OMAHA, Neb. – Duchesne Academy, which once housed nuns and college students, will welcome new residents this spring. Several thousand of them, in fact.
The school will install two colonies of honeybees on its roof, administrators announced this week. They hope the bees will pollinate neighborhood flowers and flowering plants and produce honey that the school can then harvest to use in its lunch program and to sell.
“Bees are an important part of our ecosystem and by hosting colonies on our roof we can play a small part in helping the species rebound and thrive,” said Duchesne Principal Laura Hickman, Ed.D.
Hickman and Building and Grounds Director Chris Hession selected to house the bees on the roof for three reasons: the bees will be away from predators, separated from students, and the radiant heat from the roof is beneficial to the overall health of the hive.
Duchesne had plans in place for some time to install a colony on school grounds but was continuing to evaluate the best way to do it. Then, a tipping point came last July.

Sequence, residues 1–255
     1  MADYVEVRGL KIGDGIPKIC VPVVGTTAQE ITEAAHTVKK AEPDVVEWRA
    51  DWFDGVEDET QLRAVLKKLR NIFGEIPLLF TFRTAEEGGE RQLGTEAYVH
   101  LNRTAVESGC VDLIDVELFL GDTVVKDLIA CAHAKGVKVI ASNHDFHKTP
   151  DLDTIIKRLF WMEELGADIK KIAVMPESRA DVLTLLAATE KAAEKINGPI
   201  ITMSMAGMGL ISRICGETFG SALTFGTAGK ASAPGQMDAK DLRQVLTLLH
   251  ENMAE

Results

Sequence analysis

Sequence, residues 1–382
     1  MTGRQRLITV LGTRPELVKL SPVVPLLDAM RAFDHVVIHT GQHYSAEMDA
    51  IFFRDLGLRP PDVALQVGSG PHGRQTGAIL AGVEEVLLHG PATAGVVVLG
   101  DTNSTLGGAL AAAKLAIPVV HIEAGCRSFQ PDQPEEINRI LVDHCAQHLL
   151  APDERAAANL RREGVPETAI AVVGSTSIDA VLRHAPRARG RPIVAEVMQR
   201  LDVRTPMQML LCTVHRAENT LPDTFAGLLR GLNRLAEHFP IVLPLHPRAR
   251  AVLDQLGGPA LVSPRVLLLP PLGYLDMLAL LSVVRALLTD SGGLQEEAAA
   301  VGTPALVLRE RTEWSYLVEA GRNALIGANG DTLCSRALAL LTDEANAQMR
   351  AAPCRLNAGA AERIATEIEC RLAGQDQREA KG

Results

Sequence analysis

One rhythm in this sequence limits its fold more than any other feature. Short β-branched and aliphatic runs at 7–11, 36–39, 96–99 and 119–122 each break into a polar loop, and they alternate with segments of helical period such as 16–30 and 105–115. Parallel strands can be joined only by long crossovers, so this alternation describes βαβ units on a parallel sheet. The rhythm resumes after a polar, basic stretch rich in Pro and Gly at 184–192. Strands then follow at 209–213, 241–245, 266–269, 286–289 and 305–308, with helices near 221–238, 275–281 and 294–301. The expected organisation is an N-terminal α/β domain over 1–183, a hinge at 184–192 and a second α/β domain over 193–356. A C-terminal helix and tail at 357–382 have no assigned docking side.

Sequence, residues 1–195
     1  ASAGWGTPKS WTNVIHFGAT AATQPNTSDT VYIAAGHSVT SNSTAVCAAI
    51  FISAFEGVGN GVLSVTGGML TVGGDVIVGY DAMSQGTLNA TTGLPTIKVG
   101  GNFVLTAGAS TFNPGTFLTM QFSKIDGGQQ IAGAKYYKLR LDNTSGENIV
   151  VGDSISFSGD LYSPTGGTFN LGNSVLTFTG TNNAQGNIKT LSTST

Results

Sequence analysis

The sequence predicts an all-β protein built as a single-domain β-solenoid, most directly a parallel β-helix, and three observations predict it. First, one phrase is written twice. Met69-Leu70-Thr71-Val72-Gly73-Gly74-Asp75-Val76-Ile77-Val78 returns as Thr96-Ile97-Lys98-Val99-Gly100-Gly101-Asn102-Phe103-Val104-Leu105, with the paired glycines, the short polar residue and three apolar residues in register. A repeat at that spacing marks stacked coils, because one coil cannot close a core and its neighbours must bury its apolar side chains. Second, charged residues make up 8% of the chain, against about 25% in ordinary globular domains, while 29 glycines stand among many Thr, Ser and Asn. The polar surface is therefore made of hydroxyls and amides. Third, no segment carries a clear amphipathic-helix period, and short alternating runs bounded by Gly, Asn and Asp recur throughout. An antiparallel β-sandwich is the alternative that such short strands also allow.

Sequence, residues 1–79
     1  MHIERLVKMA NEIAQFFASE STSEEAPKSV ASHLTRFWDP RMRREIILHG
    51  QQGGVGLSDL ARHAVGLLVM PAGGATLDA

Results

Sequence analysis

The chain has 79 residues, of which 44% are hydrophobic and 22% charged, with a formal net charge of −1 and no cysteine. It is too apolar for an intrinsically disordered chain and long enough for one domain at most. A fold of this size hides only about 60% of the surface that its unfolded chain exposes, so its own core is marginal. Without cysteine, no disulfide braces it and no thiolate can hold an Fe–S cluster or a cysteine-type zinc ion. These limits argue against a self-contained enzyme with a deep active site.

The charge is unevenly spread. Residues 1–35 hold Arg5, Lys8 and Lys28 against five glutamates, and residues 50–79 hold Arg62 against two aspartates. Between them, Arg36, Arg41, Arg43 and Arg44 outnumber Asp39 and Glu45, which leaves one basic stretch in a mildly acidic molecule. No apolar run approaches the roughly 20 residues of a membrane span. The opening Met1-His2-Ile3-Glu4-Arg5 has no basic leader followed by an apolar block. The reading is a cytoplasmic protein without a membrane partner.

Hession was performing scheduled maintenance on an exterior downspout outside Portry when he discovered a large beehive in the eaves.
“I was shocked nobody had noticed it before, because this hive was quite large,” Hession said.
He called in professional help to have it humanely removed.
The hive was eight feet long and contained approximately 60,000 bees, according to beekeeper Mark Welsch who removed the hive and transferred the colony to his property in Omaha.
The hive went unnoticed because the bees were not a nuisance and didn’t enter the building.
“I determined that if we can have a large hive of wild honeybees just outside our front door without incident for years, installing a colony on the roof would be doable,” Hickman said.
The colony will arrive at the end of April. Duchesne will partner with Welsch to help care for the bees and to develop learning opportunities for students.
“This is just one more way our educators think differently when it comes to providing our students with more quality educational opportunities,” said Head of School Meg Brudney.
Honey sales will be announced at a later date.